Spencer RETURNS this episode to take us through his race at Dirty Kanza 200, and what lessons he learned about gravel racing. Fred and Spencer break down all the action from the Dirty Kanza. Then, Andy takes us through the final week of the Giro d'Italia, which saw Richard Carapaz fend off attacks from Vincenzo Nibali. What does the Giro's outcome tell us about Carapaz, Mikel Landa, and Primoz Roglic? Plus, we hear from American Chad Haga, who won the final stage. Finally, we invite Colin Strickland back on the podcast to talk about the Dirty Kanza. Only this time, Colin tells us about his stunning win in the men's race. This episode is sponsored by Vittoria Tires, which provided its Terreno tires for all of our gravel events this year. Spencer raced Dirty Kanza on a pair of Vittoria Terreno tires and didn't suffer a single puncture. Check out the complete line of tires at www.vittoria.com.
In episode 75, we’re joined by Dr. Stephen Seiler, one of the top exercise physiologists of today. Dr. Seiler has talked with us previously about the polarized, or 80/20, model of endurance training, he’s shared his thoughts on zone models, and he’s helped us understand how slow your “slow” should be. For more with Dr. Seiler, return to episodes 51 (Polarizing your training) and 54 (Applying the polarized model). We’ve already talked about the overall polarized approach and how to do that 80 percent — the long, slow ride. Today, we’re going to talk about the other 20 percent: high intensity work. In this episode we’ll address: - Why, even though Dr. Seiler recommends 80 percent or more of our work to be at low intensity, he is by no means against some hard work. -What you should use to structure the intensity of your interval work: heart rate or power, percent of max or percent of threshold. Or, is there another approach? His answer might surprise you. - Dr. Seiler’s multiple studies on interval work, including the three protocols he’s studied — 4x4 minutes, 4x8 minutes, and 4x16 minutes. - Notice that while each workout is hard, none of those three protocols is very complex. We talk about why things like execution, accumulating time, and consistency are more important than complexity. - Some of you may cringe, but we also discuss why the specificity of interval work isn’t as important as a lot of people think. To a degree, most work hits most systems. So don’t get caught up in being a few beats or watts over or under the target. - We’ll briefly discuss the periodization of interval work.We’ll wrap up the show with a discussion of higher intensity anaerobic intervals such as Tabata’s, and ask both Dr. Seiler and some pros about their favorite interval work. Finally, we’ll answer the pressing question: Who’s the biggest nerd of all. Our primary guest today is, of course, Dr. Stephen Seiler. At this point, he needs no introduction. He is one of the most influential researchers working today. Along with Dr. Seiler, we’ll hear from Michelton-Scott rider Brent Bookwalter about balance in interval work. This is the third episode in a row that we’ve heard from Brent, and that’s because as a top pro, who’s raced 10 grand tours, he has a lot of good things to say. Next we’ll hear from Ruth Winder, a talented racer on the women’s Trek-Segafredo team. Finally, we'll hear from Bruce Bird. Bruce took up cycling in his 40s and has since won the Gran Fondo World Championships multiple times. At 50, he can tear apart the local pro races in Ontario. In other words, he’s figured out a few things about proper training. So, if you’re ready to get intense, if you’re prepared for a smattering of nerd bombs, it’s time to make you fast!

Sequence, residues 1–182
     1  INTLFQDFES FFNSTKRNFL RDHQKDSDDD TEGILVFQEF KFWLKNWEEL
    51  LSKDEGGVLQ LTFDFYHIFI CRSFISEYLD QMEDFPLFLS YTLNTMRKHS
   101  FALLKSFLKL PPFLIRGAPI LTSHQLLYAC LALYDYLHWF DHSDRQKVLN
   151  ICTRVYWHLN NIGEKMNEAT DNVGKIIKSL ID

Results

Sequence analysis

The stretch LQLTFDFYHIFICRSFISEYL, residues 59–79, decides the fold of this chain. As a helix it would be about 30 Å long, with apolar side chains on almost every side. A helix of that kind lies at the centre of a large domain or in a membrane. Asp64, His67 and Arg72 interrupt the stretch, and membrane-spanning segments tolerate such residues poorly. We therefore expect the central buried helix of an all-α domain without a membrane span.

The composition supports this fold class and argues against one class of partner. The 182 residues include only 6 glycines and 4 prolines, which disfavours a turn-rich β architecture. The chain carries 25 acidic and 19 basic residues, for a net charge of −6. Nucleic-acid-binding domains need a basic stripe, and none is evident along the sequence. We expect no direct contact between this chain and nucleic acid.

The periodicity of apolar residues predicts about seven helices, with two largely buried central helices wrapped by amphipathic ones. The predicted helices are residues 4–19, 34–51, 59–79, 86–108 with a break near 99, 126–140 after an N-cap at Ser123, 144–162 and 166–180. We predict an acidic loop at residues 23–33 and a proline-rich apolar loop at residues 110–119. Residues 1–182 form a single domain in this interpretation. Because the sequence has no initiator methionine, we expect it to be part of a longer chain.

If you want to know what gear to use for Dirty Kanza, there's no one better to ask than the course record holder, Alison Tetrick. She joins tech editor Dan Cavallari to talk about her bike and gear choices for the 2019 Dirty Kanza race, what she can't do without during the long, lonely miles, and how gravel racing has changed in the face of new technology and WorldTour riders entering the post-pavement game. And most importantly, Tetrick lends plenty of perspective on what kind of mental toughness you'll need to make it through the adversity you're sure to face during the long miles before the post-finishline beer.
The Giro d'Italia has roared to life, with plenty of chaos and drama in the second and third weeks. On this episode, Fred and Andy link up to discuss all of the action surrounding Primoz Roglic, Vincenzo Nibali, and the other heavy hitters. Plus, Andy tells us the compelling backstory of current Maglia Rosa wearer Richard Carapaz of Ecuador. Then, the Dirty Kanza 200 is on the horizon. Fred discusses gravel cycling's Super Bowl, and why the 2019 edition has a compelling storyline. Professional road racers are set to compete, and nobody knows how these riders will impact the race. Finally, we catch up with gravel and fixed-gear rider Colin Strickland, to discuss how the gravel scene has allowed him to live the pro life. How does he think the pro road riders will shake up Dirty Kanza? Listen to the pod to find out. This episode of the VeloNews podcast is sponsored by Canyon Bicycles, which is providing its Canyon Grail for us to race at gravel races all season long. Check it out at https://www.canyon.com/en-us/road/grail
On this episode, Fred and Andy link up to discuss the wet and dramatic opening week of the Giro d'Italia, which saw two favorites bit adieu before the race even got started. They also discuss the talking points from the Amgen Tour of California: EF Education First's strategy, Tadej Pogacar's ascendance, and the success of young riders. Then, we hear from Brent Bookwalter at the Giro d'Italia about life on his new team, Mitchelton-Scott. And then, we have a long conversation with Lindsay Goldman, co-owner and rider on the women's team Hagens Berman Supermint. Lindsay shares her opinions on how and how not to grow women's cycling. This episode of the VeloNews podcast is sponsored by apparel manufacturer Pactimo, which is providing its Summit Stratos 12-hour Bibs to our 2019 gravel series. The boys recently rode the Summit Stratos 12-Hour bibs at the Land Run 100, and they will also wear them at the Dirty Kanza 200 and other gravel races this year. For more information go to www.pactimo.com.